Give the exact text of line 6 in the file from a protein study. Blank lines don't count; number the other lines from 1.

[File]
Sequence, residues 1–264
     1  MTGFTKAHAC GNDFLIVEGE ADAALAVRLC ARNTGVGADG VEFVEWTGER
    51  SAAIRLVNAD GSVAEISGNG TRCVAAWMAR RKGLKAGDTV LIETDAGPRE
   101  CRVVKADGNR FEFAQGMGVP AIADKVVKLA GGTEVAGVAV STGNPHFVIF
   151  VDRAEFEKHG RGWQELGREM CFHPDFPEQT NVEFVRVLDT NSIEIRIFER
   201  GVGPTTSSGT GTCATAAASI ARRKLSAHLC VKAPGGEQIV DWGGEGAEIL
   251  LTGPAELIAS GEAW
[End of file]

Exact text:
   201  GVGPTTSSGT GTCATAAASI ARRKLSAHLC VKAPGGEQIV DWGGEGAEIL